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My (quickly formed) vision for a journ-prog curriculum

Posted by on Mar 26, 2011 in Blog, Uncategorized | No Comments

I’ve written about a curriculum for people looking to be exposed to — and perhaps specialize — in data journalism before.  But last week on Twitter, Dave Stanton (@gotoplanb) asked a slightly different question — what would the curriculum look like if you were a journo-interested student wanting to learn programming to tell stories from the get-go?  Understanding data is just one piece.

Most of the below courses should have input — and visits — from people on journalism faculty and other faculties (in my vision.)  I wrote this in 10 minutes, but wanted to capture here.  Would love to hear from others about what they’d add/subtract/wish they could learn.


1. Introduction to Online Journalism – Show me all the different possibilities of what I can do in the online world.  Lots of diff guest speakers.  Get me excited.

2. Introduction to Statistics – with a social science survey spin.  Took a course geared toward econ, and wasn’t as helpful as it could have been.

3. Blogging: Writing and Delivering Your Own Content – Use this as a vehicle to do online writing and HTML/CSS to a point.  Custom WordPress installs to encourage people to play.

4. Telling Stories Geographically – How maps can be used in journalism, survey different types of map (chloropleth, point-based, when should I use polygons?) how to make them go (not Python/Django quite yet, start introing Javascript for mapping viz

5. Telling Stories with Numbers – Find datasets, incorporate into written stories, create supplementary static/interactive graphs, using tools.

6. Introduction to Localizing Info Through Data – Learn how to give story people that matters to them by understanding art of a detail page, designed once, that can apply to people who care about 10,000 different records. Introduce concepts of MVC framework, and start building stuff.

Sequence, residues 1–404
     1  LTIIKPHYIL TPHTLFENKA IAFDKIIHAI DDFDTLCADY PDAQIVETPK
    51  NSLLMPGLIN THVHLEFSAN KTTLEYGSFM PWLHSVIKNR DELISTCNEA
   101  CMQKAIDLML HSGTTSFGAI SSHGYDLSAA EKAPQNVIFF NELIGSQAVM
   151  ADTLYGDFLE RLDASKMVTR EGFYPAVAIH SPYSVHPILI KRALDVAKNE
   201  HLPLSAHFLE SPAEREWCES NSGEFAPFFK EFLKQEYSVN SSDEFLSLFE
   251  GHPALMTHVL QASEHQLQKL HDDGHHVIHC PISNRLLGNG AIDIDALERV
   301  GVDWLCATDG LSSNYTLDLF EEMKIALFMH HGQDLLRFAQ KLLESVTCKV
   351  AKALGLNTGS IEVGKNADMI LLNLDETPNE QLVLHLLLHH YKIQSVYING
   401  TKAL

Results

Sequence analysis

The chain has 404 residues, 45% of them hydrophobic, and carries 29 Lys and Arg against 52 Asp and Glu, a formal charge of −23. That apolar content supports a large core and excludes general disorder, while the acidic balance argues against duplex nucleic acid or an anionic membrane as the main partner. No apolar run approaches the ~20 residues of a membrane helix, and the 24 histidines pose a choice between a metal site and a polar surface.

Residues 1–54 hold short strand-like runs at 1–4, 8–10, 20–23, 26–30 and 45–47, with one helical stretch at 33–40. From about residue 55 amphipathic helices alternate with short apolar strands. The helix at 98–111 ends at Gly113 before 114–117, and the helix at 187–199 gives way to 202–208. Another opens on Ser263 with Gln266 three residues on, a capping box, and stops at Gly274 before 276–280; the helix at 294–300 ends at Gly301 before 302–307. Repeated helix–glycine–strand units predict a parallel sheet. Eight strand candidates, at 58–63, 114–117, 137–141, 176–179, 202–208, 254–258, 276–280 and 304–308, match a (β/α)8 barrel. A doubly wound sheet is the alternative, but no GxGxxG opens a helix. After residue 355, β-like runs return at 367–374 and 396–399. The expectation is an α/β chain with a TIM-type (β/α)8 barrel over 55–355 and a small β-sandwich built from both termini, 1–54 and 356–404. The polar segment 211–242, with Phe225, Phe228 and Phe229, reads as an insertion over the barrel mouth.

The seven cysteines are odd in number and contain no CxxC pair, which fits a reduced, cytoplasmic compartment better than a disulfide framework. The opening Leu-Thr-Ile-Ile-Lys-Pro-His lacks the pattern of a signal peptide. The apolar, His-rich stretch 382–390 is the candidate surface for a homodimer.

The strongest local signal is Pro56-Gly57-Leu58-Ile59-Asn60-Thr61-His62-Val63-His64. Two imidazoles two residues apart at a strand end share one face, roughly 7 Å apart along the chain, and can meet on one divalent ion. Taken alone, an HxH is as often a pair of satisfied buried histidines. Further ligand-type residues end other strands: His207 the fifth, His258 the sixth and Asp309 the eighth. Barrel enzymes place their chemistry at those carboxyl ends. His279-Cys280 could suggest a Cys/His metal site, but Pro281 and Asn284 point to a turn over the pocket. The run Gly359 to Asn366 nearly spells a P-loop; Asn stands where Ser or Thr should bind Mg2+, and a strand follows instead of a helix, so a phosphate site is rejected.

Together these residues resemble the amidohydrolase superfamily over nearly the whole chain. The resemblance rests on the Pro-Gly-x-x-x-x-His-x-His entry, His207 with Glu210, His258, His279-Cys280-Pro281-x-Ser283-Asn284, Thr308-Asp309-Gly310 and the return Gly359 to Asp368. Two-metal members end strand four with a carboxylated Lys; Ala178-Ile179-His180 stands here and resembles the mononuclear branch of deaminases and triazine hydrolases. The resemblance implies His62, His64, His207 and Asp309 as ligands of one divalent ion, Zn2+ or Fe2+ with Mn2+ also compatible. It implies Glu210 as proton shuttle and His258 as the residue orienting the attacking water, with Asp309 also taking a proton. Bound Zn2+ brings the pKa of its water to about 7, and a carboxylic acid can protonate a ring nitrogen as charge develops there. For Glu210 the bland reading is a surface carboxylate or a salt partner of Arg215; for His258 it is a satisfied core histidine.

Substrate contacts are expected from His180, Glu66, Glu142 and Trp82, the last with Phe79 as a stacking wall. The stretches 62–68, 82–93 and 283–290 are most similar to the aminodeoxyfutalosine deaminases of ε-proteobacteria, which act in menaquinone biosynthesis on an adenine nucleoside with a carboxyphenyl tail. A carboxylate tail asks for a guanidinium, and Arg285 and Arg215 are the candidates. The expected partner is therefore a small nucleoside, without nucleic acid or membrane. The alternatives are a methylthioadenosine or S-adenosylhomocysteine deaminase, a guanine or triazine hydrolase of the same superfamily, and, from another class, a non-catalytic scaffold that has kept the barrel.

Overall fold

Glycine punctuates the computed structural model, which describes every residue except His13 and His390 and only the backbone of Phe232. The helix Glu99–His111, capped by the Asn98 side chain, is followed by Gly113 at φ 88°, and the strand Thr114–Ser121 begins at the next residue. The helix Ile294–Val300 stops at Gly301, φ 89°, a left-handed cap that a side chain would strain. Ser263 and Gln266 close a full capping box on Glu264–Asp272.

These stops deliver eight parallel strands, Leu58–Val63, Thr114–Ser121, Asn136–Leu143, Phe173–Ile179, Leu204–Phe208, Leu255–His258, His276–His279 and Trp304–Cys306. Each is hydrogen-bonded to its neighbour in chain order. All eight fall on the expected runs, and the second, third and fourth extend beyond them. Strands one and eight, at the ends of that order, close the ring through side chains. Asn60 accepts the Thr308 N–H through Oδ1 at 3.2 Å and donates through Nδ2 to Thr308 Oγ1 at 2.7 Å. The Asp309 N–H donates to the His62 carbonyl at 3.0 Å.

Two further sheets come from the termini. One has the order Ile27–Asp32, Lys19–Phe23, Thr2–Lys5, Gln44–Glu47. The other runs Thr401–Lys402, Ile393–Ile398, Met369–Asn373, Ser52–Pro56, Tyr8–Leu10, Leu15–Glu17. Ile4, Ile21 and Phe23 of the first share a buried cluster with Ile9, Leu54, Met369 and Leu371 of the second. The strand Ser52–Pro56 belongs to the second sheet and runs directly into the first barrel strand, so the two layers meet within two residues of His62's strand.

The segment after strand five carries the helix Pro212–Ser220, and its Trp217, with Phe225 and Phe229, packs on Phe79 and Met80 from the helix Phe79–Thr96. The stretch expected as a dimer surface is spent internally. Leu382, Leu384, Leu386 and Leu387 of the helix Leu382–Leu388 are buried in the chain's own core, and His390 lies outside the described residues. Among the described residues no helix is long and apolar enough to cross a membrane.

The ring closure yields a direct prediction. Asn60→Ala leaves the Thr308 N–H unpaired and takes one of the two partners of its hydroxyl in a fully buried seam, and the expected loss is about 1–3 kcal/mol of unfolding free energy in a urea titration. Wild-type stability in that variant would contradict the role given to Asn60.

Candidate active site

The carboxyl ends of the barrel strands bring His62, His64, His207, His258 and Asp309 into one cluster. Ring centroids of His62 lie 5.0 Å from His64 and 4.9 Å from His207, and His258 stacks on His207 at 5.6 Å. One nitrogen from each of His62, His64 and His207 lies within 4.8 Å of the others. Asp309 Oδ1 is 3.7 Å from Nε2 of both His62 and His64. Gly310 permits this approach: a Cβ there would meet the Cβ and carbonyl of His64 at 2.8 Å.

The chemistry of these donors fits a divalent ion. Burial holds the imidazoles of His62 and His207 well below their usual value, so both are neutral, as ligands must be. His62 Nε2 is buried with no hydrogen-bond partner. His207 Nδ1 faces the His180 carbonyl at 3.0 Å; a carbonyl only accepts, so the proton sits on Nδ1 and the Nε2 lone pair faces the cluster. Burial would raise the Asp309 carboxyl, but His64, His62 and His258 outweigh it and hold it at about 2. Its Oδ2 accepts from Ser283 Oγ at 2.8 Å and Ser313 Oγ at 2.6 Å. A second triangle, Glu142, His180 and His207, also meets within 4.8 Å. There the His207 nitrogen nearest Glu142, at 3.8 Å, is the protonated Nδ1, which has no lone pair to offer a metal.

7. Structuring the Unstructured – Look at projects that have been done requiring data to be structured in the newsroom. Talk to people at current newsrooms about how they’re organizing info they report.  Learn how important structured info is. Continue to learn about a Web framework, and use it.  Early. Often.

8. Business class – I don’t know exactly what this would look like, but I know we need more of it.

9. Design – Go to an info design or fine art department and learn about the display of information.  Get Tufte involved in this. (If not in person, books will do awesomely.)

10. Design II – Tell stories that have a strong visual component, but are not necessarily a multi-page website. Less Everyblock, more Martin Wattenberg or Processing folks.  How can we use this for news?

11. Bridging the Divide – partner with a class of students more focused on traditional reporting.  Work with them, and help them understand how to push forward, but not scare people too much.  These people skills are more important than I ever realized, and I wish I had more guidance with it in a structured environment.  Create a cool project with them, and learn what goes into it.

12. How to Keep Learning – component of a capstone that teaches how to pick up new skills fast, and what to do when a university professor can’t help anymore.  Learn a new skill as part of this class, create tipsheets, share with others in course.  Maybe send these tipsheets to IRE to start students on contributing to community.

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